We are very fortunate this year that the readings at Mass have coincided perfectly with this season of preparation for Lent. We have heard of the creation of the world, the fall of man, and today, we heard the beginning of the story of the deluge.
In our own Premonstratensian rite, we hear these stories every year in the Office of Matins in the season of Septuagesima, the two-and-a-half week season of pre-Lent. We sometimes complain that Lent suddenly appears like a thief in the night, it can take a while to get into the right gear of this holy penitential season, which is why, of course, the Church in her wisdom established the practice of preparing for Lent, so that we did not waste the season.
The first few chapters of the Book of Genesis explain who we are and why we are here: importantly, they also tell us why we are the way we are. Why do we fall in love? Why do we suffer? We come to realise how fallible we are, and how foolish we must be to rely on solely ourselves or indeed anything other than God. People can spend their whole life thinking up answers to the question: “what is the meaning of life” without realising that it’s already written down there from chapter one, verse one: we were made to be loved, and to love.
I have a great devotion to Adam the Patriarch, our first parent. He knows rather a lot about human nature, and so he’s a goodly patron to talk to sometimes. Genesis says that he lived to a ripe old age of 930. These historical details are shrouded in mystery. We see his descendants dying at ever younger ages, until, by the time of Noah, no man lived more than 120 years. The years are irrelevant, what is important is that the further away we travel from Almighty God (in this case, symbolised by time from the Fall), the more the decay sets in. Just before the start of Septuagesima, we celebrated the feast of the Purification of Our Lady, or Candlemas, the last day of Christmas. History has left us a wonderful Candlemas sermon by St Sophronius, one of the eastern fathers, who said that Simeon and Anna in the Temple are shadowy representations of Adam and Eve grown very old. They devote themselves to God in the Temple (symbolic of Eden), living a life of penance for the sin which condemned their whole race. When Simeon takes hold of the Baby Jesus in his weak and wrinkled arms, it is as if Adam himself is taking the Babe in his arms, and he weeps, and says: “At last all powerful Master, you give leave for your servant to go in peace, according to your promise. For my eyes have seen your salvation which you have prepared for all nations. The light to enlighten the Gentiles, and give glory to your people Israel.” In this little Baby, Adam has realised, at last, that he has been forgiven: he can now rest from his wearisome toil, his exile from paradise. Of course, this old Adam recognises his God. He used to talk to him and walk with him in the garden. In the flesh, that same God now falls asleep in his arms; in the spirit, it is Adam that rests in God once more.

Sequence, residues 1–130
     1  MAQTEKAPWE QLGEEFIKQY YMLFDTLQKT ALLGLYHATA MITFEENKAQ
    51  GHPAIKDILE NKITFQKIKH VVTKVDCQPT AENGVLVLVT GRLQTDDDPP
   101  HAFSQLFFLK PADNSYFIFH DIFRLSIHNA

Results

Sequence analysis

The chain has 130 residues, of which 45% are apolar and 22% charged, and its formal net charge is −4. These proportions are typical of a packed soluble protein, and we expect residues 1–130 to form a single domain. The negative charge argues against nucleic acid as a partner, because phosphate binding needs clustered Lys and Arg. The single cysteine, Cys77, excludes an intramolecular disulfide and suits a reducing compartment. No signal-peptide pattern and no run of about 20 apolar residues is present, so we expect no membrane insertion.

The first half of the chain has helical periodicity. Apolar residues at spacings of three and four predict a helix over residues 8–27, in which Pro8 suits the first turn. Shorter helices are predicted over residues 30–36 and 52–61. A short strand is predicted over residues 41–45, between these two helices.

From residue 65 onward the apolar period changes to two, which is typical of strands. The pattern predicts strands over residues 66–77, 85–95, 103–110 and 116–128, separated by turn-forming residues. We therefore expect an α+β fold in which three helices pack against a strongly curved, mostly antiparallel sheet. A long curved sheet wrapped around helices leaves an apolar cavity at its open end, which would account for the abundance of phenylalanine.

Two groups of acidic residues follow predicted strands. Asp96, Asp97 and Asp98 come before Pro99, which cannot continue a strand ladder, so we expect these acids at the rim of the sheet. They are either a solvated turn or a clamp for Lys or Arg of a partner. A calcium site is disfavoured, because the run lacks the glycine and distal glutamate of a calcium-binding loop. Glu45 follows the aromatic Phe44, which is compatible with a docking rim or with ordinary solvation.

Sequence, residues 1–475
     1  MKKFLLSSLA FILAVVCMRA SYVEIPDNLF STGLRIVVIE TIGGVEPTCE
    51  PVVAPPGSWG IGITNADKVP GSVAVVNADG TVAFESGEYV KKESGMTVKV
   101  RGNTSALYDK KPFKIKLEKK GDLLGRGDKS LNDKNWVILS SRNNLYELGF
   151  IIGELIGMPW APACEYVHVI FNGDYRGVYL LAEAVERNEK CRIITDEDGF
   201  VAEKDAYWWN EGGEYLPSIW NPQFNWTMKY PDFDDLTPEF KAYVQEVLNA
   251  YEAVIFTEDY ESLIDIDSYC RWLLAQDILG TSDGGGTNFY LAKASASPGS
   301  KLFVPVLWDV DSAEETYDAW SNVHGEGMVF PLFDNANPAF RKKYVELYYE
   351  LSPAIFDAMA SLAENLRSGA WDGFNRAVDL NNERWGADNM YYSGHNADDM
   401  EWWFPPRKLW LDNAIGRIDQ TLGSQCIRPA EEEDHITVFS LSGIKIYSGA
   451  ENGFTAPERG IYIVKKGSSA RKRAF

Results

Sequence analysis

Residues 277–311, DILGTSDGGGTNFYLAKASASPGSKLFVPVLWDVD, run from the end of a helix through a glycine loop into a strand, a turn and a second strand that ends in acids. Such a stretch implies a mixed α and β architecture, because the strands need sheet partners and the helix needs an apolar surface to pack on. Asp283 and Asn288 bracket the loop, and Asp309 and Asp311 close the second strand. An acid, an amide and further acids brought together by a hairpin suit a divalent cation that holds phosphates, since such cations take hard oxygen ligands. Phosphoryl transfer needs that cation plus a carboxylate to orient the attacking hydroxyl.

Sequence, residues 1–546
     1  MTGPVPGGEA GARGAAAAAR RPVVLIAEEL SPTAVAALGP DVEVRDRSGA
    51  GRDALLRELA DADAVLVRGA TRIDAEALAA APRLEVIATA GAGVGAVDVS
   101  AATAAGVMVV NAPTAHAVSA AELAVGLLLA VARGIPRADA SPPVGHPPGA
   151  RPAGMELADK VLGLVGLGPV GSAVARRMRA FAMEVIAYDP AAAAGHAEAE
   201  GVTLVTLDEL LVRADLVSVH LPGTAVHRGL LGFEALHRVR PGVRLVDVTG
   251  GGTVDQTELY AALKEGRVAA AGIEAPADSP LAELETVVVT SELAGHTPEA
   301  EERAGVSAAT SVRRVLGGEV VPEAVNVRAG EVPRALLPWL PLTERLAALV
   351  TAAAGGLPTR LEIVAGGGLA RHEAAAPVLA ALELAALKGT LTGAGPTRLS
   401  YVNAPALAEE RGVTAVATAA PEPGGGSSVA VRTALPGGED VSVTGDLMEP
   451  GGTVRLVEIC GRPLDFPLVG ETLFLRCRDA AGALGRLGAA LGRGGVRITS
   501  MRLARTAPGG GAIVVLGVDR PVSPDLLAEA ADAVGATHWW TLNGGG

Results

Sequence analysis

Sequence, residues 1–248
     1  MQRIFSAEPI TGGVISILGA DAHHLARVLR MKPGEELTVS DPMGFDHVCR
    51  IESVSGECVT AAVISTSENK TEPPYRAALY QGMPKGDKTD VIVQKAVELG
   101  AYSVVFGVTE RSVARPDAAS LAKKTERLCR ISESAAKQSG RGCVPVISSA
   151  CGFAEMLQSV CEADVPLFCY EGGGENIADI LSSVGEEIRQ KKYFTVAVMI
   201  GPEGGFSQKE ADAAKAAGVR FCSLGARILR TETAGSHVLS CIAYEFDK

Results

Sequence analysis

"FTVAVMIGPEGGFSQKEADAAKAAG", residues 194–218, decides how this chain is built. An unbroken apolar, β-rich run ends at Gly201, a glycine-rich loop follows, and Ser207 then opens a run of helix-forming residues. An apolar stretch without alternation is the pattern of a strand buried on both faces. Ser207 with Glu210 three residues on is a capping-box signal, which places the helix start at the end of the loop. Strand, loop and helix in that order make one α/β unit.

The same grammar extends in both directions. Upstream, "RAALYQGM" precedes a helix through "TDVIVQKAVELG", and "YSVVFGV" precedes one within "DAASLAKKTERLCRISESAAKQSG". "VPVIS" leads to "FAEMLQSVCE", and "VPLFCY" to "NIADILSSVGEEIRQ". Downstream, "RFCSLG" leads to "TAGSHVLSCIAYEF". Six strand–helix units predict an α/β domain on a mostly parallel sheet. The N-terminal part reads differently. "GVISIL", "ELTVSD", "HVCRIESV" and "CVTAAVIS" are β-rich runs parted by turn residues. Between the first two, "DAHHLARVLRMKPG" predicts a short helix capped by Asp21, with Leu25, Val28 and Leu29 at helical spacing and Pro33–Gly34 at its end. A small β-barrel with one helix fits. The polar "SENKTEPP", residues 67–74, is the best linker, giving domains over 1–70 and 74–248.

In Lent, we begin to experience that realisation for ourselves, too. Noah has just built his ark. Noah’s Ark is the Church. It is our shelter in our exile; while creation is washed clean, we are saved from drowning in the tempest of the world by her sacraments.
One important part of the story of Noah is often missed out. Why did Noah collect only two of the unclean animals, but seven of the clean animals? The clean animals are the animals which are set aside for sacrifice to God. And when Noah comes into land, he sacrifices those animals to the God who has saved. And in response, God promises not to destroy his creation again. When Mary and Joseph brought Jesus to the Temple, what did they bring to sacrifice? Two turtledoves, as the law permitted instead of a lamb for the poor; Noah sacrificed birds on the first altar of the washed creation. But what else did Mary and Joseph bring to sacrifice? They not only brought birds, but they also brought the Lamb Himself: the light that will enlighten the Gentiles and give glory to Israel when His Sacred Heart burns on the Altar of Calvary. Another deluge covered the earth that day, but it was not a deluge like that of Noah’s time: it is a deluge of Blood that gives life to those who quench their thirst when they drink It.
Today, this last day before Lent, the Church celebrates the feast of the Seven Holy Founders of the Servite Order (although in our own calendar today is the feast of St Evermode; Shrove Tuesday is also the feast of the Holy Face of Jesus, but lest we over-egg the pancake, we’ll revisit devotion to the Holy Face over the next few weeks). Our house in Chelmsford was once a Servite house, and so we are especially bound to these saints in our community. Indeed, our canonry is dedicated to Our Lady of Sorrows, a devotion propagated by the Servites, and which we have gladly adopted as our own, for our Sorrowful Mother at the foot of the Cross was the first to be drenched in the Precious Blood. Over a hundred years after the death of Our Holy Father Norbert, these seven doves sacrificed themselves by allowing God break their hearts. Over this holy season of Lent, may we too allow God to break our hearts, and wash away the detritus of sin and decay that has accumulated within us. Walk with Jesus in the desert, and remain close to his Sorrowful Mother, and may you be brought safe into harbour by the burning flame of the Paschal Candle on Easter Eve.